Wednesday, May 9, 2012

Occupy Justice

Good afternoon my many friends. I must first humbly apologize for my lack of posting. I have come to the sudden realization that I have overstepped the limits of my abilities. As a result, something was of course, forced to suffer. My sincerest apologies for this. However, in response to this recognition, I would like to explain.

For the past two days I have spent my mornings back in class. My education is my top priority above all else; I have journeyed much too far and overcame far too many obstacles to arrive where I am today and will not permit myself to return to the darkness from whence I came. Outside of that, there is also the matter of all those friends and family who sacrificed so much to help raise me up when I had fallen so far. I owe it to myself; I owe it to them.

So that covers my mornings (and every morning from Monday to Friday). The afternoons have been slightly different; both were spent doing volunteer work or catching up with the local Occupy movement here in Halifax in order to help improve my community, raise awareness but most of all, help to create effective and beneficial change for EVERYBODY. Before I continue on to the part of my blog I'm really looking forward to sharing, I just wanted to share the volunteer work I've been doing. I have been, once again, volunteering at CKDU and I have also begun volunteering for Clean Across Nova Scotia by helping promote their campaign. On a side note, there will be a Team Occupy registered for this event in Halifax this coming June; I will be leading it. I've also been assisting a not-for-profit internet service provider, Chebucto Community Net (the oldest provider in Nova Scotia!). So all in all, it has been very hectic. I have also found a place to put in part of my work term for school by helping on one of the mayoral candidates campaigns in the upcoming Municipal election. All and all, quite time consuming but soulfully fulfilling.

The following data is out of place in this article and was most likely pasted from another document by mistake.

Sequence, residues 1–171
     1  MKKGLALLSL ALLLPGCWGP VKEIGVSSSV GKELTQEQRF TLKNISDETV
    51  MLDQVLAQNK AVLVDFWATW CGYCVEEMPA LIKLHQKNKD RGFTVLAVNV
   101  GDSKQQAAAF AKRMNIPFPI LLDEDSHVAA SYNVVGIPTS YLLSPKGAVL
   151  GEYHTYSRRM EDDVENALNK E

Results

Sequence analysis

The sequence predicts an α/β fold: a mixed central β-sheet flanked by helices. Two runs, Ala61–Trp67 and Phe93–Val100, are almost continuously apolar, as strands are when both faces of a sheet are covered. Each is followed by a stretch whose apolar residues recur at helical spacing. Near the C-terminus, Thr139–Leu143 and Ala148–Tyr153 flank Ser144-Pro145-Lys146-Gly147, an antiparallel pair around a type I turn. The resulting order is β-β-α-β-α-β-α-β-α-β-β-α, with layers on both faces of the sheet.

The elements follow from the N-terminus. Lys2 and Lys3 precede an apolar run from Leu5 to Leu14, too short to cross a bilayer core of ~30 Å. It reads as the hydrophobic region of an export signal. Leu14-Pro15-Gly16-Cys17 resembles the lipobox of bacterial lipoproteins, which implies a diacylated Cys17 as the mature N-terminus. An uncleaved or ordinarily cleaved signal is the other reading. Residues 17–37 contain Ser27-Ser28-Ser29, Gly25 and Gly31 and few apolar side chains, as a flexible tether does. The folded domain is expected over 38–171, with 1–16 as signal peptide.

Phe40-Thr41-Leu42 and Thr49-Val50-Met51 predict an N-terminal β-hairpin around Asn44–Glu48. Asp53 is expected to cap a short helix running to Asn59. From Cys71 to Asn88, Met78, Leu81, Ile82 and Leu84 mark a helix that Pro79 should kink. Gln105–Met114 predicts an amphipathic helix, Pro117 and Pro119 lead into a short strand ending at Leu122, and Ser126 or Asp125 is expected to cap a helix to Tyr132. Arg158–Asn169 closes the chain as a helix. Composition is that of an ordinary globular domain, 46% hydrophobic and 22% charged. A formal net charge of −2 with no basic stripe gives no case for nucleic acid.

Time to get to the point I've been dodging around. I am free. No more court; no more lawyers; no more delays; no more fear; no more stress; just freedom (and some justice of course). Today I went to court, again, to see if or when they would be setting a court date as a result of the Occupy Nova Scotia eviction last November. Well, it sure was not what I expected. I walked into the courtroom, sat down and the prosecutor stood up (almost on cue) and announced that all the charges, for all concerned, were being withdrawn. Victory! Vindication! Justice! Freedom! All fall short of expressing the true emotion of the moment but it is the best I can do.

What does this mean? Well it depends on your perspective. The crown has only, this afternoon, said that it did not proceed due to lack of evidence. Is this an admission of wrong-doing? In my book yes. Not necessarily in the sense that I am in a position to decide/determine the right or wrong of the eviction (obviously I'd be biased just a little) but what I can speak to is the wrong-doing in the process. Over 40 police officers and $100k tax dollars spent on our eviction: 14 arrests and the loss of equipment. All those police officers and they don't have enough evidence? Why? They had cameras, they outnumbered us. This is what they are trained to do and yet they failed the most basic of policing duties: gather evidence. Not even enough for a conviction. So no, maybe it is not an admission of wrong-doing over the eviction but it is definitely something; something more.

It is a sign of what is happening all around you. In society, in your country, in your state or province, in your city, in your town, in your village and in your communities. It has found it's way into our institutions and polluted our education. What is it? Apathy and corruption. They had no business arresting us; they knew it but they didn't care. The by-law clearly states that it is up to the person committing the infraction to remove their own property (8.2 is what they claimed to enforce; please note very carefully the wording of section 18, punishment and you will see for yourself). They don't care; they live by the dollar because that is what they have been brain-washed to believe. The police are people and as people they would have objected to what was being done to us as all other witnesses present were. However, they gave up being people the minute they put on that uniform and stopped thinking for themselves. They gave up their humanity. They have a choice, a very, very difficult choice that is just full of consequence and ramifications but it is still a choice. 

You don't need to stop being a human being just because you put on a uniform (of any sorts).

I harbor no ill will; I carry no resentment (well, maybe a little towards Peter Kelly and Constable Sean Auld); I do not go about my life in bitterness. What is done is done and cannot be undone. What is for certain is that today, we won a small victory. A small victory for all people. The type of apathetic brutality that occurred to myself and my community happens on a daily basis in communities around the globe (corruption, abuse and apathy) yet go unreported and unnoticed. I was fortunate to have been associated with such strong-willed and determined people who, without, I probably would have been quietly locked away. 

Thank you. Everybody.